What are malls for?

This is where I work.

A cubicle mate was down in the mall moments after it happened. Said the man my mate was meeting for lunch, who actually SAW the guy in flight (but turned away for impact), "It sounded like an enormous bag of watermelons hit the floor."

I'm sorry. And now on to better things.

Friday, September 24, 2004

25 minutes til class


So here's what happened yesterday in the world of Journalism school:

I was hanging out in front a P.S. 92 on 134th Street between Adam Clayton Powell Blvd. and St. Nicholas Ave. hoping I didn't appear to be a giant hulking white man loitering in front of a school full of children. Apparently I fooled them.

I had my little reporter notebook out walking up to other loitering adults to ask them if they were parents, and when they were, I asked them about No Child Left Behind.

The school in question, P.S. 92, is in "Restructuring," the harshest phase of NCLB. The first two stages are School in Need of Improvement 1 and SINI 2 -- each taking a year to complete. If test scores are still below the AYP (adequate yearly progress -- set by the state), the 3rd year they fall into "Corrective Action," then "Planning for Restructuring," wherein the school maps out what they will do if their AYP again fails to meet expectations, and then finally "Restructuring," where the whole school gets picked up and shaken by a hill giant until all the crusty mops, brooms, and square pizzas are scattered all over the unsuspecting street.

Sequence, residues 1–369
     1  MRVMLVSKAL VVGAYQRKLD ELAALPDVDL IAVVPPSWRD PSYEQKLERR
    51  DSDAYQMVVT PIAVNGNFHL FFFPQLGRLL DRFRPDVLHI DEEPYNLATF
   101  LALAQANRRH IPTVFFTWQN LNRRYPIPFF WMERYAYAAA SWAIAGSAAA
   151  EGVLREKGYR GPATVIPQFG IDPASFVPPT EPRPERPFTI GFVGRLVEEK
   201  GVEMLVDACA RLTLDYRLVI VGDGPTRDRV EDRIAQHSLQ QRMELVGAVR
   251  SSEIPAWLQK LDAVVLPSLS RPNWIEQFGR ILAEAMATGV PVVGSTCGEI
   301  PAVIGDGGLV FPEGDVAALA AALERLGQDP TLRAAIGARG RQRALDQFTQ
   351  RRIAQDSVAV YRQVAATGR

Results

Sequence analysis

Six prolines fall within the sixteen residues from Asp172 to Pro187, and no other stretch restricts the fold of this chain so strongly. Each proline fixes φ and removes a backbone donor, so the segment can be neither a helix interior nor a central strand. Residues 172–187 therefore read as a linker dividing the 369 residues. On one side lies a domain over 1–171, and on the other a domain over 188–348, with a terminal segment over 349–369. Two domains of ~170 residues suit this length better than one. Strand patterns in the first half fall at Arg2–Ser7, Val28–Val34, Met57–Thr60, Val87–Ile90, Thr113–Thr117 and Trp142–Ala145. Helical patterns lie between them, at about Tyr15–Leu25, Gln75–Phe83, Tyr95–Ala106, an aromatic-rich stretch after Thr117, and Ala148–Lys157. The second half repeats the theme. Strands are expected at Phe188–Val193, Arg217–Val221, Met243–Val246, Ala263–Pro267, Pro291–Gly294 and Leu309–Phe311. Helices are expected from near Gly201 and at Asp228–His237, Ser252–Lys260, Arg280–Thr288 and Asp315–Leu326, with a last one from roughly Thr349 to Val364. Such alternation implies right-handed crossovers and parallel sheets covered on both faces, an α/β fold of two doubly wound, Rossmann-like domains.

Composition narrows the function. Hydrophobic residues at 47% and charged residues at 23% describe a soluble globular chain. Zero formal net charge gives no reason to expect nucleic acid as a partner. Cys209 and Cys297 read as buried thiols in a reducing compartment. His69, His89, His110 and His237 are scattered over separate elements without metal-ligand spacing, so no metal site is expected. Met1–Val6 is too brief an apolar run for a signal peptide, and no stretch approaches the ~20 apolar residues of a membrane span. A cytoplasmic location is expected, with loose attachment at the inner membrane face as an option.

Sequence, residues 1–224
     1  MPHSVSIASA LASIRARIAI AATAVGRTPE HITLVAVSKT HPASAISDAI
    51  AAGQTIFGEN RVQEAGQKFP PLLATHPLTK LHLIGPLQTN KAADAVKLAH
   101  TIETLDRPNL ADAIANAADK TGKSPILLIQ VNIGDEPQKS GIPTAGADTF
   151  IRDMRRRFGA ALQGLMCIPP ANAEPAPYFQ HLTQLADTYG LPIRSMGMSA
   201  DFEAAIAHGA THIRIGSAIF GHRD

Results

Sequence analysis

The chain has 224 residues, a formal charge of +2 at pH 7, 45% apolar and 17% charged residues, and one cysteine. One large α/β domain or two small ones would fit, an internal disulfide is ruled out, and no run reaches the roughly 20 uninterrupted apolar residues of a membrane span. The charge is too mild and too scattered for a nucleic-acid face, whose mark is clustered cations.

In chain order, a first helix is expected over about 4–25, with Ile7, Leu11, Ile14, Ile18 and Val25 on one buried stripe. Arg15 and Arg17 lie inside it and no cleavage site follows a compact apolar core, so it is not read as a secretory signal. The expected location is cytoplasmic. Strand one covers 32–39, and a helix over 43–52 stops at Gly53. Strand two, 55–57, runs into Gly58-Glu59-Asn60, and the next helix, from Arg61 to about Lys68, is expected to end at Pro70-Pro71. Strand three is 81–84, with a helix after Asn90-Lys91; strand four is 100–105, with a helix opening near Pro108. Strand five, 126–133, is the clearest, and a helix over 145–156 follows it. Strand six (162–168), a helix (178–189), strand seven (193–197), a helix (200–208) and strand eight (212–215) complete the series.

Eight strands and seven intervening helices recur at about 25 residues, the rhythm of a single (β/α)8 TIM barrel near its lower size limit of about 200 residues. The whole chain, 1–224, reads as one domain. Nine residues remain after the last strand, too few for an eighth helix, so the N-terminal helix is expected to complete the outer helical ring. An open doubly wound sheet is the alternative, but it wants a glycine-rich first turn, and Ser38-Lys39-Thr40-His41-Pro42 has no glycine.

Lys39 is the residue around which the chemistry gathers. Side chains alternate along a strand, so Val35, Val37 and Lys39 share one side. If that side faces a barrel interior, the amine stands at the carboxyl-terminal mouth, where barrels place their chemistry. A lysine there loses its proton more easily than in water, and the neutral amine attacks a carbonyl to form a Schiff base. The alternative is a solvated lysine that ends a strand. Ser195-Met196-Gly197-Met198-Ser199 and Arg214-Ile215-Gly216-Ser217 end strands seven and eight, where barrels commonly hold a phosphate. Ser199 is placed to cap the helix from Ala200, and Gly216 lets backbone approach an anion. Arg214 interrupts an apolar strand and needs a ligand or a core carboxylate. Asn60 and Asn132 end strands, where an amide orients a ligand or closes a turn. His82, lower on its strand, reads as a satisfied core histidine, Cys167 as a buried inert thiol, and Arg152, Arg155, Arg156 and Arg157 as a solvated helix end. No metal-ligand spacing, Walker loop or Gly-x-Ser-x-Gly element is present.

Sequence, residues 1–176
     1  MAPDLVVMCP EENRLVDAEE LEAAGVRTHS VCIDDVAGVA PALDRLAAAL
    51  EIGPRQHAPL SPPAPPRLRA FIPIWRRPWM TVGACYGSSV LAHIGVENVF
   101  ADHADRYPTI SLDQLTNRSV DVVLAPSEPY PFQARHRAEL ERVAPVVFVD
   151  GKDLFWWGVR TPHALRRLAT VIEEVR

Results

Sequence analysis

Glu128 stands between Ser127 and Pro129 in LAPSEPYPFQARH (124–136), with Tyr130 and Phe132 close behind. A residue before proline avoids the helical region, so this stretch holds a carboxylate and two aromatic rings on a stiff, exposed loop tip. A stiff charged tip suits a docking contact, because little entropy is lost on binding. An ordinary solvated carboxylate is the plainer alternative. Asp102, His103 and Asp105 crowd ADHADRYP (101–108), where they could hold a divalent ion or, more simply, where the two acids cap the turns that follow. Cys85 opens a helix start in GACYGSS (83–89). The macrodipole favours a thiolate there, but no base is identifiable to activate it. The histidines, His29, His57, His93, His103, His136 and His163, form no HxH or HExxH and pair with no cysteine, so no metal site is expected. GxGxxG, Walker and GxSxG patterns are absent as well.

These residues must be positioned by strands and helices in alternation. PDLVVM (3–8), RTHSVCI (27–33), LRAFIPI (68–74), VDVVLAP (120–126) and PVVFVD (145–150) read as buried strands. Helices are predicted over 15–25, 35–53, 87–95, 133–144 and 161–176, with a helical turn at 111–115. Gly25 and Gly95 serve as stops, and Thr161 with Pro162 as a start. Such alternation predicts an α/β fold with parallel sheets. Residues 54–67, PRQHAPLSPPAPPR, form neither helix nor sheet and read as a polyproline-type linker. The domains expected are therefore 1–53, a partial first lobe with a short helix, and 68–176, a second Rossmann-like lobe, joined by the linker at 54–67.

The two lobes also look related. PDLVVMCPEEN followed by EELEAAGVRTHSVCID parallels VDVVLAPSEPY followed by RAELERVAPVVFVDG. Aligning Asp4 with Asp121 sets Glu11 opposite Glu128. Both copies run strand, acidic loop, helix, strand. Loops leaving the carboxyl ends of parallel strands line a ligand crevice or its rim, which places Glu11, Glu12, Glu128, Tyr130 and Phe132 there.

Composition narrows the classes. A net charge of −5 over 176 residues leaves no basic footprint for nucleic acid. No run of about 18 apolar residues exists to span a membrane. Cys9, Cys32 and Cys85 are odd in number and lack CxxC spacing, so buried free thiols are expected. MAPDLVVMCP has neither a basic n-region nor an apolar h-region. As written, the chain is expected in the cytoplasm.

You may well ask how a school could sink to the bottom of a 5-year plan only after 3 complete years of NCLB. It's a fair question, and I'm wondering it myself. My current guess is that it just sucked so bad that every half-year felt like a full year, or something.

Also, since the 2nd phase (SINI 2) of NCLB, students are allowed to transfer out of the school into other better performing schools. Therefore, the class sizes at P.S. 92 are drastically smaller than the city average. First grade classes as small as 15 students, and a fourth grade class of 21, which is "perfect" according to their teacher. One parent said that No Child Left Behind was "the only good thing he ever did," referring to George W. Bush.